Obama Says Sony Should Not Have Pulled Film Over Threats
Updated at 6:00 p.m. ET
President Obama called Sony's decision to pull its film The Interview, following threats to movie theaters, a "mistake."
"We cannot have a society in which some dictator someplace can start imposing censorship here in the United States," the president said in his year-end news conference.
He added that he was "sympathetic" to Sony's concerns, but, "I wish they would have spoken to me first."
Reacting to President Obama's words today, Sony Pictures CEO Michael Lynton says, "First, I was surprised by the remark. But, I think actually the president and I are coming from the same place. We are obviously both strong proponents of the First Amendment."
"I think the issue here is that there's been a general misunderstanding with the press and the public about how these events unfolded," Lynton said, "and the fact that we have been absolutely diligent about making certain that this movie get out into movie theaters. And it was only when the movie theaters themselves had said they couldn't take the movie, that we had to say that we couldn't release it on the 25th of December."
Earlier Friday, the FBI said it has enough information to confirm that North Korea was behind the hacking of Sony Pictures.
The agency tied the attack to North Korea because the malware used in the attack had the hallmarks of software written by the country in the past.
"For example, there were similarities in specific lines of code, encryption algorithms, data deletion methods, and compromised networks," the FBI said in a statement.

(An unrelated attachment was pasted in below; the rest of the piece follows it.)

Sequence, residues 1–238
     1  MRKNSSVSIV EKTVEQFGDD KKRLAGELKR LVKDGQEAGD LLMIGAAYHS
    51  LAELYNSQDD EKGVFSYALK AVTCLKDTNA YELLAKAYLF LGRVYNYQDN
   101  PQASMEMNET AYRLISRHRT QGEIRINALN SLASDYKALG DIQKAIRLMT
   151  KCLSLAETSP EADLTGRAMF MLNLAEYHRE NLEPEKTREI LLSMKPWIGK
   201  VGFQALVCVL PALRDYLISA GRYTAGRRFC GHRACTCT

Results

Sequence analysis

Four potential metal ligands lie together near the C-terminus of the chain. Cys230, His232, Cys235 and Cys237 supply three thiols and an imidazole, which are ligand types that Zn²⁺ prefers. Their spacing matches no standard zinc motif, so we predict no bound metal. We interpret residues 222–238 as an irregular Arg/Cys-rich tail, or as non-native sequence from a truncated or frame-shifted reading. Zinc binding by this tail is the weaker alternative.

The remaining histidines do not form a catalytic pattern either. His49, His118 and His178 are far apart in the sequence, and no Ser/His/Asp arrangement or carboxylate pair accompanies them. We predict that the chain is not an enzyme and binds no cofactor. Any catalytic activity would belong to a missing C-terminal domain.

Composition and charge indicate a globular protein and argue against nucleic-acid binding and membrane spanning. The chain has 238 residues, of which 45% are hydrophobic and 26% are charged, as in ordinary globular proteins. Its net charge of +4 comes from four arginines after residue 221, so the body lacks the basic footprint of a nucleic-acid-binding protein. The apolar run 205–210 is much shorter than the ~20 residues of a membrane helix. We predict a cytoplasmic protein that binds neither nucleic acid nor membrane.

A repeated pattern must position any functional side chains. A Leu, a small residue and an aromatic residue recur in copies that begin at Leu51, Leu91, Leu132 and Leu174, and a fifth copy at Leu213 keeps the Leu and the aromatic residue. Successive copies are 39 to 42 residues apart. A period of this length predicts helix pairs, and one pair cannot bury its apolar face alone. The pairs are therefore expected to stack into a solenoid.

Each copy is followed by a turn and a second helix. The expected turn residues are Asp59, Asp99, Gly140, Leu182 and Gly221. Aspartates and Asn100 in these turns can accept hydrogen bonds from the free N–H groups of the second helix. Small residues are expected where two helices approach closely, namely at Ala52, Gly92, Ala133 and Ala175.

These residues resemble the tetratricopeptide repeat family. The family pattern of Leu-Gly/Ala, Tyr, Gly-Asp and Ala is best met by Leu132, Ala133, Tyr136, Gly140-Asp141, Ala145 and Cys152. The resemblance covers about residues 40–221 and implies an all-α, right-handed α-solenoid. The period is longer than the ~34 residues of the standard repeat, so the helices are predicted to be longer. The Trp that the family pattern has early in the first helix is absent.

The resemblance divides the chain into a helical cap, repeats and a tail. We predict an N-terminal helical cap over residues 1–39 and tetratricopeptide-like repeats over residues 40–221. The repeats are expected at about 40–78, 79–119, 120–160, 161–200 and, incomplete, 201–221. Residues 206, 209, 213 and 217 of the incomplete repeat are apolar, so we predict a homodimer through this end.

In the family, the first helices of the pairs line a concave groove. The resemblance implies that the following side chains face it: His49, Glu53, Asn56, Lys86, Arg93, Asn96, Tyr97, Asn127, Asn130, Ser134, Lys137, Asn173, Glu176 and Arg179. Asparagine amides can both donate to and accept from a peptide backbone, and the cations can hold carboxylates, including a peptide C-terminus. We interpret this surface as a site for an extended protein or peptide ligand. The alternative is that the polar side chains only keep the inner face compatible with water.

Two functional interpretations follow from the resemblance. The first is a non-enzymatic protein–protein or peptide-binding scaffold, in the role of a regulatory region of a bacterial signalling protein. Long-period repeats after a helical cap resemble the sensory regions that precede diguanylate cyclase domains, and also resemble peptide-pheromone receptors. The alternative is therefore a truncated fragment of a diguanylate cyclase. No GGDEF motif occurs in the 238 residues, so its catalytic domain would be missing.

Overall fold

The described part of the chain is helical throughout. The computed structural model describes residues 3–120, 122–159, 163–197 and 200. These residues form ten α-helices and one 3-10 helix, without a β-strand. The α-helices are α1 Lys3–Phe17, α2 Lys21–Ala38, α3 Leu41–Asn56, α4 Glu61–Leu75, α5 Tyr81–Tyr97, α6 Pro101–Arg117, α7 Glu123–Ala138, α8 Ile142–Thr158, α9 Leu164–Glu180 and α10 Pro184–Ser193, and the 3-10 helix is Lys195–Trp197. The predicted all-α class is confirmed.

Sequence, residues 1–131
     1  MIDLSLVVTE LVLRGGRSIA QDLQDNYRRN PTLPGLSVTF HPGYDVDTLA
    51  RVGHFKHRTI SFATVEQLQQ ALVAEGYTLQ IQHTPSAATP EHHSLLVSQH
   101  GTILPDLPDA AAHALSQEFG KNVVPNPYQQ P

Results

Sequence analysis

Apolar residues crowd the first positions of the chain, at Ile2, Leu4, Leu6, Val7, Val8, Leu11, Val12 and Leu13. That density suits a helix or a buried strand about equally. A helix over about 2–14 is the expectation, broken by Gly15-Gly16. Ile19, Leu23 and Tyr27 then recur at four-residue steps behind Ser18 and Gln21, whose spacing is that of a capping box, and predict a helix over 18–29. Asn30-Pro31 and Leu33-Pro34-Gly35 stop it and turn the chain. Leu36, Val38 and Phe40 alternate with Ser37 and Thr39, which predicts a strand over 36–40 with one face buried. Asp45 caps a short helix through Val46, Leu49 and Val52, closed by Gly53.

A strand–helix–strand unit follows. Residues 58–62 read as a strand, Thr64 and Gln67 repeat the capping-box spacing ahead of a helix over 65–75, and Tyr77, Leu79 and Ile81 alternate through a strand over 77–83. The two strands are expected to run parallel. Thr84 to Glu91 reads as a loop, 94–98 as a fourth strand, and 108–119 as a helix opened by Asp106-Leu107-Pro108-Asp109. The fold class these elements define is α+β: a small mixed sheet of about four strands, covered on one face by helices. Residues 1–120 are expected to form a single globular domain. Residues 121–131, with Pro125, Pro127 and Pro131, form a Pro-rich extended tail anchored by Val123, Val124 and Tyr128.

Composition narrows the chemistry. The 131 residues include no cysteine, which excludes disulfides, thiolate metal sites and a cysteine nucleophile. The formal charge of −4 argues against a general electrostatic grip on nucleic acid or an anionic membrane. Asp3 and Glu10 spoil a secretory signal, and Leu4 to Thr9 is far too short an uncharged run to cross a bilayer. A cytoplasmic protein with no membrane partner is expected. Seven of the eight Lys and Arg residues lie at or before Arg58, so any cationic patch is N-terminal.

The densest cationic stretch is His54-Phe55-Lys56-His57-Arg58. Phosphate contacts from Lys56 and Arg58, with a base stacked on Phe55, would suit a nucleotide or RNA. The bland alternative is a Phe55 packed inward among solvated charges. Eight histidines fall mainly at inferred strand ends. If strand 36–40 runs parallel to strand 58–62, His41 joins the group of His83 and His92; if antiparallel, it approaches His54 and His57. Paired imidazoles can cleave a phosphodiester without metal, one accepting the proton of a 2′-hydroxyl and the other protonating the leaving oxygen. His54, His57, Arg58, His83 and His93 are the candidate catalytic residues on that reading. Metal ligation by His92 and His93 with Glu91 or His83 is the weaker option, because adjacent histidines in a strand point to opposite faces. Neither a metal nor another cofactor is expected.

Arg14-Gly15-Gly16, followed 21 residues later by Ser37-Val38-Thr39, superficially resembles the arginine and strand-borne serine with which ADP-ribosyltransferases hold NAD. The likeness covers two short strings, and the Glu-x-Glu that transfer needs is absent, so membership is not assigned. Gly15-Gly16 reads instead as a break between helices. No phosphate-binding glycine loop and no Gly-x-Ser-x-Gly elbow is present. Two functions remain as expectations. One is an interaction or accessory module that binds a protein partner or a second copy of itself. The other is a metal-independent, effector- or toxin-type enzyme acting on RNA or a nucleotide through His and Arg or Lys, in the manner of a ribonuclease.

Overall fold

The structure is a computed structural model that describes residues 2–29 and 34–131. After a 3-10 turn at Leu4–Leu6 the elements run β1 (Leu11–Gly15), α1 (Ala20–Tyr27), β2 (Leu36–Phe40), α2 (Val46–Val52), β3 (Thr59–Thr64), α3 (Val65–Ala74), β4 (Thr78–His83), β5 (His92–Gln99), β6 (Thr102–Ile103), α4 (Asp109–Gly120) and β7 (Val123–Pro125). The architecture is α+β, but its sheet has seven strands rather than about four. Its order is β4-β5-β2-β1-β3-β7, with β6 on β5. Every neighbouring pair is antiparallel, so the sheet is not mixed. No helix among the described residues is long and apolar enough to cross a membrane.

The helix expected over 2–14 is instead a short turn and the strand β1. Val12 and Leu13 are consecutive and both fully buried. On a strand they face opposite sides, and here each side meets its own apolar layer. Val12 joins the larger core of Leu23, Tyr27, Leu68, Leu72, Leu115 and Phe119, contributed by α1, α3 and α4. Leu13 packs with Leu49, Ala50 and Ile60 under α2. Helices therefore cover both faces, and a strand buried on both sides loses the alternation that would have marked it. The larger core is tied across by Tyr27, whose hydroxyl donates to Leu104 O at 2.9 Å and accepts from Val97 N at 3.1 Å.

The tools used, the agency said, also had similarities to a cyberattack that took place in March of last year against banks in South Korea.
Sony Pictures Entertainment, for its part, issued a statement saying it "is and always has been strongly committed to the First Amendment.
"The decision not to move forward with the December 25 theatrical release of The Interview was made as a result of the majority of the nation's theater owners choosing not to screen the film. This was their decision," the Sony statement said.
The hack has caused serious repercussions for Sony. The stolen data have made public some embarrassing emails written by its executives. Hackers also leaked unreleased movies and scripts.
The group that took responsibility for the attack, "Guardians of Peace," said it was responding to Sony Pictures' comedy about an assassination plot against North Korean leader Kim Jong Un.
After the group issued threats to attack movie theaters that show the film, major movie chains pulled The Interview and Sony decided against a Christmas Day release.
"We are deeply concerned about the destructive nature of this attack on a private-sector entity and the ordinary citizens who worked there," the FBI said. "Further, North Korea's attack on [Sony] reaffirms that cyber threats pose one of the gravest national security dangers to the United States."
In a separate statement, Department of Homeland Security Secretary Jeh Johnson said the hack "underscores the importance of good cybersecurity practices to rapidly detect cyber intrusions and promote resilience throughout all of our networks.
"Every CEO should take this opportunity to assess their company's cybersecurity," he added.
Immediately following the FBI announcement, the chairman of the House Committee on Foreign Affairs, Ed Royce, R-Calif., criticized the White House for not imposing tough financial sanctions on North Korea.
"North Korea is attacking our infrastructure," Royce said in a statement. "It is also attacking our values. The decision to pull 'The Interview' from theatres unfortunately is a North Korean victory in its attack on our freedom. We better quickly respond comprehensively to defend freedom of speech in the face of terrorist threats and cyber attacks."
Options, though, are limited. The U.S. could impose new financial sanctions on Pyongyang and boost military support to South Korea. Yet these moves have had little impact on the heavily sanctioned country in the past.
CNN reported earlier Friday that the hackers behind the attack issued another statement Friday, praising Sony for pulling the movie. Removing it from screens, the hackers said in an email to Sony executives, was a "very wise" decision.
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